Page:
Skip to main content

View Diary: Crumbs much too small for the other Whos' mouses (199 comments)

Comment Preferences

  •  Um, Krugman might not agree (2+ / 0-)
    Recommended by:
    stormicats, TexasTom

    He recently wrote several very interesting blog posts on the promise/threat of automation.

    See this one in particular (and the ones surrounding it). He revives a 1932 mathematical model to show that technological improvements in productivity can in some cases lead to declining wages, which is pretty much what we've seen (wages as a share of total income are in a steepening downward trend).

    In the postwar decades, wages tracked increasing productivity almost exactly, leading to a doubling of incomes and a generation of shared prosperity. Since then (starting in the mid-70s), productivity has continued to climb, but wages have gone up only slightly (nominally 20%, but when adjusted for things like hours worked, only about 5%). Meanwhile, incomes at the top end (the people who own the robots) have tripled.

    Krugman admits that he himself was blindsided by this owners-and-their-robots-vs-workers conflict, but has proclaimed it a crucial issue in need of much more attention.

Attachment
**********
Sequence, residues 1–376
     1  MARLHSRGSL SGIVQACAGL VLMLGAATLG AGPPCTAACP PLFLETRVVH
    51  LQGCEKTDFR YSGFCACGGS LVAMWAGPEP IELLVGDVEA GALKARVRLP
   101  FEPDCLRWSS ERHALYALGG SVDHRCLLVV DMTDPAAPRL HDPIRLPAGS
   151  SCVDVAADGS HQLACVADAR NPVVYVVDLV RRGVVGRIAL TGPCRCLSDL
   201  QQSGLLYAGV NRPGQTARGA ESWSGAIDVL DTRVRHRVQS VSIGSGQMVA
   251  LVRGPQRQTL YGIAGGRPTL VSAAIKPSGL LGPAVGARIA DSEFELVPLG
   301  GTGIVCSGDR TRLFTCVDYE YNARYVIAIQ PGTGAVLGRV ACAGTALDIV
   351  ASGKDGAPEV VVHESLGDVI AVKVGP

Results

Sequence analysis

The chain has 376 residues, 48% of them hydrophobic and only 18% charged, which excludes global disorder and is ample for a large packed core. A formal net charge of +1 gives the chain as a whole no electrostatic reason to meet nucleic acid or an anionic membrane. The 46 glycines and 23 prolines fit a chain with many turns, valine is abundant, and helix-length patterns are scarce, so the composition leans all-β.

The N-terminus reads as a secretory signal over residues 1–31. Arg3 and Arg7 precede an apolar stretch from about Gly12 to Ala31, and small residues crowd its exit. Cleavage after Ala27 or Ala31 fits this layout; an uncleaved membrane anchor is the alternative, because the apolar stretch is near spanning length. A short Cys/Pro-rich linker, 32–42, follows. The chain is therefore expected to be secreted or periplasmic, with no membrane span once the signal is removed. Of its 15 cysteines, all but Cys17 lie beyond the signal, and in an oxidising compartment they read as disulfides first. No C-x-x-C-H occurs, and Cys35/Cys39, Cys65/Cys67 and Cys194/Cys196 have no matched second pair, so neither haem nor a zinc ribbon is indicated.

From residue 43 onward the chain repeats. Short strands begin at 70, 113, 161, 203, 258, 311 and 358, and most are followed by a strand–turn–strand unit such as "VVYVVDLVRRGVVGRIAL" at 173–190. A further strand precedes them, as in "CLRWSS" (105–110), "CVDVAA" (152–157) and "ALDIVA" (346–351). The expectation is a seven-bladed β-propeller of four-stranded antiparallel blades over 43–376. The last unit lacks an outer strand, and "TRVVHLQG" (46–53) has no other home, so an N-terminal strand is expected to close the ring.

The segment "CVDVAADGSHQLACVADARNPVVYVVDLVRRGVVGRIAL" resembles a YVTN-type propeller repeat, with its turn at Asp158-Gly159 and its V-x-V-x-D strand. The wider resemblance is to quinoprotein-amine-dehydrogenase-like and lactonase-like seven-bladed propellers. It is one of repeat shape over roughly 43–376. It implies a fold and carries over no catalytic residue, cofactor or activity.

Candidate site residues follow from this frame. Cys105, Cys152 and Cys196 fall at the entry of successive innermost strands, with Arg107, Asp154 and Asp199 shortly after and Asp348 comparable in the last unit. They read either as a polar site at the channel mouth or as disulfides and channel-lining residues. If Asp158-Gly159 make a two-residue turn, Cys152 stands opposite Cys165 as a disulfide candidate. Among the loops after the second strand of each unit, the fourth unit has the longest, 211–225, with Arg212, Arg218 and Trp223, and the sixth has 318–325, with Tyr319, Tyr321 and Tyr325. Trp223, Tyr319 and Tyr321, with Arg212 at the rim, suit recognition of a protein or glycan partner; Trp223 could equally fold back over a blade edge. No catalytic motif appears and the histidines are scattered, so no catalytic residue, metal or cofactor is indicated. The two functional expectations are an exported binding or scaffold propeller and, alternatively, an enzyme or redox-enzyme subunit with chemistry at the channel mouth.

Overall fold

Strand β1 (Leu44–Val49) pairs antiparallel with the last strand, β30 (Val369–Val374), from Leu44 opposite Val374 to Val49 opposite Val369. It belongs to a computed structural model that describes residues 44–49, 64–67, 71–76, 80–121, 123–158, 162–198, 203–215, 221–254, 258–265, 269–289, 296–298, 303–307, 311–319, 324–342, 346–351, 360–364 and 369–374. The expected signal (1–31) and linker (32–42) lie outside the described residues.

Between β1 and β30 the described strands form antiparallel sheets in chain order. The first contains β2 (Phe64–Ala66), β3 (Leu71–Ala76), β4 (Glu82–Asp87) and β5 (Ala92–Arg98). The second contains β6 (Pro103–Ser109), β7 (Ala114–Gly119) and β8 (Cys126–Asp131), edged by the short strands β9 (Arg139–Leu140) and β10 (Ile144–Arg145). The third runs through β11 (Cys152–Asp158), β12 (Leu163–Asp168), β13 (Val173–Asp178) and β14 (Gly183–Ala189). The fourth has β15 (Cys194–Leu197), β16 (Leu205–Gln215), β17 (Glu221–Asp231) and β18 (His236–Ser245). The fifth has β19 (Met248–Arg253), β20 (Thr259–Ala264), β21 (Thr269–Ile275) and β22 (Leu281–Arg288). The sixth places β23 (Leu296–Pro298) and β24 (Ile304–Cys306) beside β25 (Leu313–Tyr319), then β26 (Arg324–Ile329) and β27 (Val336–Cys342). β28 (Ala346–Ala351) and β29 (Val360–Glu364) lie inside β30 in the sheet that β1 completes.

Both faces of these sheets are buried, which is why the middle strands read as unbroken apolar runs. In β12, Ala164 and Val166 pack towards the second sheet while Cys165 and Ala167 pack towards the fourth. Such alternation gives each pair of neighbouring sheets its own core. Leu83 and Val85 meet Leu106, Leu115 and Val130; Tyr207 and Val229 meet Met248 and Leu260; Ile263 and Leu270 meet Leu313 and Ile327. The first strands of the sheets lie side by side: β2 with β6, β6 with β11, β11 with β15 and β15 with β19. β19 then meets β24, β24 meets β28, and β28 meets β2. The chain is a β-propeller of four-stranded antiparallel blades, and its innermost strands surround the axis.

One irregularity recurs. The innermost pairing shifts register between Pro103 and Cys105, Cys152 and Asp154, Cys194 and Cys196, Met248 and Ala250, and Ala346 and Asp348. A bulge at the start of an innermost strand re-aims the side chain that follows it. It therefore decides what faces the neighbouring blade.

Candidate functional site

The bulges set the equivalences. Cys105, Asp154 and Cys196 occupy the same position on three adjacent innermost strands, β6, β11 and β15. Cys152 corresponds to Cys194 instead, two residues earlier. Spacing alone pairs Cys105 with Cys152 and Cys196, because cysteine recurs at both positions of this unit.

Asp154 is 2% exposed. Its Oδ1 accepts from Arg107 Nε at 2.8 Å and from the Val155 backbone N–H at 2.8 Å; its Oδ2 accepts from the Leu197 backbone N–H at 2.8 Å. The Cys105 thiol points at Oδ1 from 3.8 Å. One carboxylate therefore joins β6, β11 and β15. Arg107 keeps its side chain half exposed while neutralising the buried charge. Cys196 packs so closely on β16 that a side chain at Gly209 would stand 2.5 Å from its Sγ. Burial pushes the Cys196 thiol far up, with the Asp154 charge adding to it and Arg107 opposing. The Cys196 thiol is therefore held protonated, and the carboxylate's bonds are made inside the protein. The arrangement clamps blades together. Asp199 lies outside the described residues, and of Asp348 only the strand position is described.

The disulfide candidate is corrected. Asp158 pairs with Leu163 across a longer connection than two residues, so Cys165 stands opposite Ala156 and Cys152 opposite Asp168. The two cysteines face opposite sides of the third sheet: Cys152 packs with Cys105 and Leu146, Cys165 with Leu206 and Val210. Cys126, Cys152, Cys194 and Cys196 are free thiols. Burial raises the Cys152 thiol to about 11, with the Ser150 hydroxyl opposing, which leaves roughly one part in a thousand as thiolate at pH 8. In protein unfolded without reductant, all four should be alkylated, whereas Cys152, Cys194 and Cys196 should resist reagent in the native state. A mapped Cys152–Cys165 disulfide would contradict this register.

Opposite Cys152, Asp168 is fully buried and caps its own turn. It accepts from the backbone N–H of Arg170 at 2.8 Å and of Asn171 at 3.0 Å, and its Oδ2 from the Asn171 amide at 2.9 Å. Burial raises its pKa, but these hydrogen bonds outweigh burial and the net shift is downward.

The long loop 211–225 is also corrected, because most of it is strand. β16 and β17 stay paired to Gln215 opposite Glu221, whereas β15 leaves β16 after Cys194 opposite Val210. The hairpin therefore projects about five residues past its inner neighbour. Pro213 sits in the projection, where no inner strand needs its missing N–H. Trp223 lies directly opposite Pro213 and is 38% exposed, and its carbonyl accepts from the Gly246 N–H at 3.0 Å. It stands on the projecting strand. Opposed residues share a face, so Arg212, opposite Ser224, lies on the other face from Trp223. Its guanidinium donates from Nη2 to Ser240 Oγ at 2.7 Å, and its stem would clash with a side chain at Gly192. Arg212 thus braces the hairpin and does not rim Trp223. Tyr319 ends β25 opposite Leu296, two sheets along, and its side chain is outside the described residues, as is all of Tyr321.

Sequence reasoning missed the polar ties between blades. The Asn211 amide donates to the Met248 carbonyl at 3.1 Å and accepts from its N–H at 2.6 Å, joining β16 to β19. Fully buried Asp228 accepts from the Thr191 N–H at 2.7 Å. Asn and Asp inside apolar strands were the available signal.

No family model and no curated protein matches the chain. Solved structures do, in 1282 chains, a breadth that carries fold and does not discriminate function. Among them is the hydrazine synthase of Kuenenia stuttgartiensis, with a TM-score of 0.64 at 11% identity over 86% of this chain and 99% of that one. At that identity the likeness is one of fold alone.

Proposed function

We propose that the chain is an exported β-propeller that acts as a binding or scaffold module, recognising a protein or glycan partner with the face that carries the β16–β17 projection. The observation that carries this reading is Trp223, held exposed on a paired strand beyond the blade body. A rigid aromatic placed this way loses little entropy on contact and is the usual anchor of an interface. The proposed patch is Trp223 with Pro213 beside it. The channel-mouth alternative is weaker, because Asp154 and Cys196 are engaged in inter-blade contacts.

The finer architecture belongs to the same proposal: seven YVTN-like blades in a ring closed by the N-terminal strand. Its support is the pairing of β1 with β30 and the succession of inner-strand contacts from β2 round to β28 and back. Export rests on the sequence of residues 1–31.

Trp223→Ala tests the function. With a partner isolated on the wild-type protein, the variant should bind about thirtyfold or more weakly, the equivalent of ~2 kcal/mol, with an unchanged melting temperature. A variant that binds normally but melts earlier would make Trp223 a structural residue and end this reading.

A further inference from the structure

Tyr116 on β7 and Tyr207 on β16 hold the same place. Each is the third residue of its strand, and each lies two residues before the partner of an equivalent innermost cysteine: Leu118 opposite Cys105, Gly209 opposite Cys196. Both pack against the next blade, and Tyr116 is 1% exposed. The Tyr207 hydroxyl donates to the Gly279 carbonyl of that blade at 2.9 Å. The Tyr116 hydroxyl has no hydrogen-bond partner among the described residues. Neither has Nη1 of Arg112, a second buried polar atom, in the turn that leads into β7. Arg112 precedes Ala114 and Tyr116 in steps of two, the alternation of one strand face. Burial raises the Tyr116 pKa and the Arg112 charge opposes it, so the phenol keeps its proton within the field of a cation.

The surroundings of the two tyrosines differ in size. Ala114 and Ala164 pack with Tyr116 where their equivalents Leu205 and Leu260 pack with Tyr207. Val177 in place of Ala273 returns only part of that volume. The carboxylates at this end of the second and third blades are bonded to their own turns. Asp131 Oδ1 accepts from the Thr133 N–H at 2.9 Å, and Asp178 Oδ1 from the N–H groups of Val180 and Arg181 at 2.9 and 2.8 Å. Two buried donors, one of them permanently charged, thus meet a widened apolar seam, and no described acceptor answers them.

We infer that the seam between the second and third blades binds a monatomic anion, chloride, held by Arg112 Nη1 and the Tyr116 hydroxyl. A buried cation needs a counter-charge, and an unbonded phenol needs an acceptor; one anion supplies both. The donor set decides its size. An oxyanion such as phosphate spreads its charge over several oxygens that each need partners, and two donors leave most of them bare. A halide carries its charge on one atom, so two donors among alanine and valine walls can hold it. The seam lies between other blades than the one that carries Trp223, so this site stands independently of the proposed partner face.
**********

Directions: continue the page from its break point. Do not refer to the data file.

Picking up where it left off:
What is valued is practiced. What is not valued is not practiced. -- Plato

    by RobLewis on Sun Dec 16, 2012 at 09:12:18 AM PST

    [ Parent ]

    •  Krugman's arguments carry greater weight... (2+ / 0-)
      Recommended by:
      RobLewis, Mokurai

      ...because this is an issue that he has reconsidered and is changing his views on.  Historically, he didn't believe that automation led to increased inequality, but is now finding evidence that has forced him to consider the possibility that it is one of the drivers in increasing inequality.

      That said, I think that there's a regulatory issue in play here, too.  Appropriate regulation in terms of standard working hours, overtime rules, and minimum wage could do much to spread the benefits of automation more widely.  Consider these possible outcomes from automating a factory:
      1.  More output from the same number of people (increased profits for owners, nothing for the workers).
      2.  The same output from fewer people (increased profits for owners, nothing for the workers).
      3.  The same output from fewer people, who get more pay as a result of increased productivity (increased profits for owners, some works come out ahead while others lose)
      4.  The same output from the same number of people, who are now working fewer hours (workers get more leisure time)
      To some degree, laws and regulation can dictate how the actual outcome balances between these three possibilities.

      Political Compass: -6.75, -3.08

      by TexasTom on Sun Dec 16, 2012 at 09:26:27 AM PST

      [ Parent ]

Subscribe or Donate to support Daily Kos.

Click here for the mobile view of the site